Are you chasing this tail wind of the Keifer and Kombucha kraze? Do you wonder if you’re getting the real thing at the store? Are you ingesting every bit of literature you can on the subject and becoming a fermenting prodigy in your own right? Some of the above? Are you done with the intro questions?
Let’s talk Kombucha first, known in it’s country of origin as chainyi grib (for more info: https://www.westonaprice.org/health-topics/food-features/kvass-and-kombucha-gifts-from-russia/). Thank you Russia for this gift! While Russia gets the credit for Kombucha, many countries drink fermented tea. Japan, Poland, Bulgaria, Germany, Manchuria, and Indonesia. This delightful, nourishing beverage can be know as: teeschwamm, wunderpilz, hongo, cajnij, fungus japonicus, and teewas. So, to be clear, this may strike us 21st century Americans as a new craze, the latest health bandwagon, but this is a generations old, international tradition. We millenials or whatever generation we are, give ourselves too much credit (read this with a winking emoji.). Have you heard what the scoby from which the fermenting occurs actually is? The name is a pneumonic for Symbiotic Culture of Bacterial Yeast. According to my sources in a published journal posted on the Weston A. Price Foundation website, listed above, this fungus/culture of bacteria, produces a vinegar and at least two yeasts. When the the Acetobacter and yeasts are present together, the fungus forms. This glorious bacterial culture then commences in turning black or green, sometimes a combo of the two (i like to use Oolong) sweet tea into a beverage that is fermented with some carbonation, a slight sour taste (depending on how long you let yours sit), many people are reminded of apple cider vinegar but I think it’s much sweeter, yet there is very little sugar remaining. The “sugar and caffeine are transformed into other compounds.” A second ferementation can be done by mixing the fermented tea with organic, no sugar added juice, or fresh or frozen fruits. The resulting beverage is more carbonated and has a lovely, sweeter flavor.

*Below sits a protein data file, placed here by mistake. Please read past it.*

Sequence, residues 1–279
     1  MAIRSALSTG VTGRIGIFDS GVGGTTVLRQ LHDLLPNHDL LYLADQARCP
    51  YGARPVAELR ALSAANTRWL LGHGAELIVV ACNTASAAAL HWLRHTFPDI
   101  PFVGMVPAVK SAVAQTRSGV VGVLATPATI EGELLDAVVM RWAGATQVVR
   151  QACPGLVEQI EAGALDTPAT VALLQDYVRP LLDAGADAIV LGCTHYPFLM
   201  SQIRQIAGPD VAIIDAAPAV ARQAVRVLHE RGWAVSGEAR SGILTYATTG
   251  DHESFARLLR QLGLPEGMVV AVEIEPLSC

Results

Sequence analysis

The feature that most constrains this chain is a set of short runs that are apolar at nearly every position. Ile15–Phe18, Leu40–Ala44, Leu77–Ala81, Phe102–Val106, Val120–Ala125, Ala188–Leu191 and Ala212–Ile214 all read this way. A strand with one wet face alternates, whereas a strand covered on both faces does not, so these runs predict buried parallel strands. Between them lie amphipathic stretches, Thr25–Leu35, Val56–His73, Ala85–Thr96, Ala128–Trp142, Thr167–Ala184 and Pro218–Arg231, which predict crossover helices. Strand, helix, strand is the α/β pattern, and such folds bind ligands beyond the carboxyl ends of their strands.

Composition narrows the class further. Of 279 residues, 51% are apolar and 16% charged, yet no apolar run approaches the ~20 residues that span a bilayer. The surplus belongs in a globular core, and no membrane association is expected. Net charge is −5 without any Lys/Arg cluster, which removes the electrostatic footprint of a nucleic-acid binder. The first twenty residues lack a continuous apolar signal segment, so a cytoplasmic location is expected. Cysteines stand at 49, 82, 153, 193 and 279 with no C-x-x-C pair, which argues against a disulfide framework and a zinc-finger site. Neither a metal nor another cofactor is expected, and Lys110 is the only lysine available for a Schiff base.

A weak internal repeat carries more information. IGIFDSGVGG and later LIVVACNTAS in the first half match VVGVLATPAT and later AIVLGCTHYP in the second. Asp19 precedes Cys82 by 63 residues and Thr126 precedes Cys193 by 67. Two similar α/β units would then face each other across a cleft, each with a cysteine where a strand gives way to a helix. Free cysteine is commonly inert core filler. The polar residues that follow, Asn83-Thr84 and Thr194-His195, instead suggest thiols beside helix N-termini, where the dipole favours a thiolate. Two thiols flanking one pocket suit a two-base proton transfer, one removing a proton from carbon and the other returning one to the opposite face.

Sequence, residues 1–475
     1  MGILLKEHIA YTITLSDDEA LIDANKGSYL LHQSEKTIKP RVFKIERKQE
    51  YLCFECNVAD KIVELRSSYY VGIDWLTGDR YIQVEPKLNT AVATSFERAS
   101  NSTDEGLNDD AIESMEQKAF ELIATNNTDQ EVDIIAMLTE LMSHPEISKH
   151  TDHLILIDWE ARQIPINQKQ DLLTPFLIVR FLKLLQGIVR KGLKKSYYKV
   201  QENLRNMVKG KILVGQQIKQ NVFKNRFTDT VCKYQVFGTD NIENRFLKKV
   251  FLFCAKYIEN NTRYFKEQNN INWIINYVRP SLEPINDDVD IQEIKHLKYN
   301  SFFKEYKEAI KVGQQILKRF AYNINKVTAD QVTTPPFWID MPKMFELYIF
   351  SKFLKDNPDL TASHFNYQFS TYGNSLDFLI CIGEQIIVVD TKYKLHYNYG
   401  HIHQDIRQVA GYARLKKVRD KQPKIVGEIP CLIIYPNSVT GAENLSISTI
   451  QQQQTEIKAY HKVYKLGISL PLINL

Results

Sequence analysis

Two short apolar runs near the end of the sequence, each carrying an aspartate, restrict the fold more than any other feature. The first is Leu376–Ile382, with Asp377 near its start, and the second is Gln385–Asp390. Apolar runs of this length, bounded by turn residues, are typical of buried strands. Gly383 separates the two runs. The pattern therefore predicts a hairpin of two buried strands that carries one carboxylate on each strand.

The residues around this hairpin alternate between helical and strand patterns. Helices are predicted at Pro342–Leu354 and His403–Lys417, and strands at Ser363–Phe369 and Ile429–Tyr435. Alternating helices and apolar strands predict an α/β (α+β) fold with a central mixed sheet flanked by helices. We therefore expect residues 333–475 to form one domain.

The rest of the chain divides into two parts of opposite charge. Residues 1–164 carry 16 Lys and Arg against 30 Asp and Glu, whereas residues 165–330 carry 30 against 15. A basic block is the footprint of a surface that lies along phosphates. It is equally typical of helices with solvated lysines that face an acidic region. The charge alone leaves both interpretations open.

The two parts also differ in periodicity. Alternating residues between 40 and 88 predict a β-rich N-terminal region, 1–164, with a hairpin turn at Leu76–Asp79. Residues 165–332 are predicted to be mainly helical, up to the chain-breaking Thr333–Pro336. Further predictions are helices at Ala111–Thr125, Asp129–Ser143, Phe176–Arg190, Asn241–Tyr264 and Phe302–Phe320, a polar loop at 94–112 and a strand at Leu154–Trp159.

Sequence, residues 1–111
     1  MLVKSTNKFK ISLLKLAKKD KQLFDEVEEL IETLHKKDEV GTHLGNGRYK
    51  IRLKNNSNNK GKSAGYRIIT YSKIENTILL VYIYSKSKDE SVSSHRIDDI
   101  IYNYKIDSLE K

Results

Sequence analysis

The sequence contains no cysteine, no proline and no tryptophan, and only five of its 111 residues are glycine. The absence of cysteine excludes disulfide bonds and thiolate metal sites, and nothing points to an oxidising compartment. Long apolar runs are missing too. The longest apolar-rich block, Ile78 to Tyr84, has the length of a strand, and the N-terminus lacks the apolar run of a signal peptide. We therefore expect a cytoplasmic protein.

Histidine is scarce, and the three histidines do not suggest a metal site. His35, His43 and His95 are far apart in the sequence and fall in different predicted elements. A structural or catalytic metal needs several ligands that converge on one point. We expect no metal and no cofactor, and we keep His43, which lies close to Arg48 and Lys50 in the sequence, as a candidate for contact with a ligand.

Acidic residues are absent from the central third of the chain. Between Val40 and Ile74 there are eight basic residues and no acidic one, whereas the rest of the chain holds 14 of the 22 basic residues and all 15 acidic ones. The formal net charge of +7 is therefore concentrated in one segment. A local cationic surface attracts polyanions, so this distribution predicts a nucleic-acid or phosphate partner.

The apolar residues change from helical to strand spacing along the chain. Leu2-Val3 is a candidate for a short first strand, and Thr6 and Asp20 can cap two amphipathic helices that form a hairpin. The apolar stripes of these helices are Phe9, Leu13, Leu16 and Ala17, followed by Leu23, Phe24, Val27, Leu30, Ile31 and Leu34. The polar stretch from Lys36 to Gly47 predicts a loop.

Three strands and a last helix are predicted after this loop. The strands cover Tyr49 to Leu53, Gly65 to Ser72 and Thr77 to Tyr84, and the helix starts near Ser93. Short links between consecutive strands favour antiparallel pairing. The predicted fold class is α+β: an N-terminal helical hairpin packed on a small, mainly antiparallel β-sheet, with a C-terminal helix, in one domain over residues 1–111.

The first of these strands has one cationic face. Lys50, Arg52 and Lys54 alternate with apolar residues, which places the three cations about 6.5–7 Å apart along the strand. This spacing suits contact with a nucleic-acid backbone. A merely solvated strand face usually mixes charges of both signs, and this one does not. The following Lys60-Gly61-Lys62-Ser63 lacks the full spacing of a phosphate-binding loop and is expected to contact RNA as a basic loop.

I have learned the hard way, you absolutely must follow the rules for making this drink, it is possible to kill your scoby. I have done this a couple ways in the last three years. It is also easy to grow your own scoby when needed! This saves time and money! When you follow the rules you get a delightful beverage containing: B vitamins, “glucoronic acid which binds up enviromental and metabolic toxins” which allows kidneys to to pass the toxins. Your liver naturally produces glucoronic acid and Kombucha supplies the body with more “and boosts the natural detoxification process.” Glucoronic acid is also necessary as a “basic component of connective tissue, cartilage, stomach lining, and vitreous of the eye.”
This article gives many interesting facts about Kombucha I have not seen anywhere else, so I hope you’ll check it out further! Important note, black tea can contain fluoride, and when Kombucha was tested, researchers found that the fermentation process actually removes much of the fluoride. The mushroom can turn black as a result of taking out the fluoride, but new babies grow on top the original and the lower layers can be removed as needed!
There are so many great health benefits to Kombucha, I hope you’ll keep researching and learning! Wellnessmama.com is another fabulous source!